A sting video showing Planned Parenthood's medical director speaking bluntly about fetal tissue has put the national women's health clinic and advocacy group back in the spotlight and at the center of a new controversy.
In a three-minute "highlights reel" culled from a secret video taken during a lunch between Deborah Nucatola, Planned Parenthood's senior director of medical services, and two anti-abortion activists posing as medical researchers seeking fetal tissue, Nucatola answers questions about whether and how Planned Parenthood provides organs for research.
The sale of human tissue is illegal. However, fetal tissue providers may charge fees to cover costs for harvesting, transporting and otherwise getting it to researchers. In the video, Nucatola says those expenses can range from $30 to $100.
"This is not something with any revenue stream that affiliates are looking at," Nucatola says in the video.
Eric Ferrero, the vice president of communications for Planned Parenthood, issued a statement clarifying Nucatola's comments, saying Nucatola was pressed to come up with a number in the video, which was taken by the Center for Medical Progress, an anti-abortion activist group that does not provide medical services.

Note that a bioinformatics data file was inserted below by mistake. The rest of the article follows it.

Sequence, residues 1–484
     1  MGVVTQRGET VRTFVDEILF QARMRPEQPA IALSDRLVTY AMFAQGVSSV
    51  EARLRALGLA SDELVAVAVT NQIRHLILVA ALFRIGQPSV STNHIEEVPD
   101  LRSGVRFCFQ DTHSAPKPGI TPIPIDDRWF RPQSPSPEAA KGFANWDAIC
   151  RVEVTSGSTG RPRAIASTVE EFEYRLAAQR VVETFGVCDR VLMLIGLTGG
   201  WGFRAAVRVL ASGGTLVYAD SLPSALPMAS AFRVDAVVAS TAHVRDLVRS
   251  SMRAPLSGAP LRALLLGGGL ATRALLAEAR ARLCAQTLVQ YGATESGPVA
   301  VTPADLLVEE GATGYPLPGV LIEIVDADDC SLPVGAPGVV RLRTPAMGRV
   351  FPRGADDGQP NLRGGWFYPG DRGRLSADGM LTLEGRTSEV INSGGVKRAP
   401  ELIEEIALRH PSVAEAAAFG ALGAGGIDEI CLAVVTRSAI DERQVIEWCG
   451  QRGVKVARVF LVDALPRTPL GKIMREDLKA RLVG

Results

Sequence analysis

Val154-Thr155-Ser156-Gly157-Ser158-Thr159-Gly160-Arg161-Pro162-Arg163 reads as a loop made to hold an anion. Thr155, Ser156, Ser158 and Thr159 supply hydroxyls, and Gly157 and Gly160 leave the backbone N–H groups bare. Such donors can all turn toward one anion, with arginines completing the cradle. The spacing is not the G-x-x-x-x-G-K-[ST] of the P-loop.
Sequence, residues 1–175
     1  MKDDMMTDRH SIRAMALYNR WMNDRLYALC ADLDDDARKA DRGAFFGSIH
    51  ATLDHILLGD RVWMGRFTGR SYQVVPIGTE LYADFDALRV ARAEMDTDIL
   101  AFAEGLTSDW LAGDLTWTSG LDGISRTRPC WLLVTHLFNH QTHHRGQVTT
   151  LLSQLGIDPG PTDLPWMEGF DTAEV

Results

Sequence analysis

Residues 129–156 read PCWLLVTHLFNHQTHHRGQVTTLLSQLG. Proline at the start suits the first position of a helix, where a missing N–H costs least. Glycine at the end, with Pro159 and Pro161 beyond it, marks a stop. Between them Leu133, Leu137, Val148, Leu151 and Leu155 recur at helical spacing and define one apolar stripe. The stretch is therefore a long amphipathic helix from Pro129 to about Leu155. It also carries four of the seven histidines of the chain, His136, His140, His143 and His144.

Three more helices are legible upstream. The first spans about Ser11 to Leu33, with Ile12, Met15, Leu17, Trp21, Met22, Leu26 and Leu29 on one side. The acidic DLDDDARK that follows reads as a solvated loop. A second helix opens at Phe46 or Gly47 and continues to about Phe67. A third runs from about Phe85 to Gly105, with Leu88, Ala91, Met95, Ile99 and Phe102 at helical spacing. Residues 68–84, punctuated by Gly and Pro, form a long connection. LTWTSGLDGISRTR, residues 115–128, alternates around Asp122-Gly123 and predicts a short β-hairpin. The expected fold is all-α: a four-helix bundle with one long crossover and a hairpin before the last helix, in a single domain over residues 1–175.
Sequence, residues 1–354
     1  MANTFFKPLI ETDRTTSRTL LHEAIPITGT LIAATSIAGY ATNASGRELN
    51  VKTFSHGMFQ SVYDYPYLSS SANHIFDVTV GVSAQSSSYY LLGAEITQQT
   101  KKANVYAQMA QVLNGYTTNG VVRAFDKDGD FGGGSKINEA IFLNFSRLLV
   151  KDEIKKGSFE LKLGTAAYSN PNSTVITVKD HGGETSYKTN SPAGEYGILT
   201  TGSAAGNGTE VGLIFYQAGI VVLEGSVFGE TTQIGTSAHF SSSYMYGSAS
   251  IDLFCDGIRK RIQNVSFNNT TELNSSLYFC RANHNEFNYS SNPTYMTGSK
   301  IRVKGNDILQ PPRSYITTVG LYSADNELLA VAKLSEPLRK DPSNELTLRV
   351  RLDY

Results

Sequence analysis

"At several of our health centers, we help patients who want to donate tissue for scientific research, and we do this just like every other high-quality health care provider does—with full, appropriate consent from patients and under the highest ethical and legal standards," Ferrero wrote in the statement. He notes that there is "no financial benefit for tissue donation."
A Reuters article about the video quotes Laurie Zoloth, a professor of medical humanities and bioethics at Northwestern University, who said in an email that the film was "being used to inflame people about abortion, about which there is a substantial consensus, that abortion should be legal, and rare."
And yet, Zoloth also said the video was "terribly disturbing because the physician seems to be engaged in a transaction in which the goal is to extract tissue to meet the needs of a company, rather than being focused on the core purpose of her clinic, which is to provide a safe medical procedure." Zoloth called Nucatola's statements an indicator of an "obvious conflict of interest."
Nucatola's nonchalance in answering the questioners' inquiries about demand for fetal organs—and the strategies used to preserve their integrity—have left many of the video's viewers aghast, including ardent abortion rights supporters.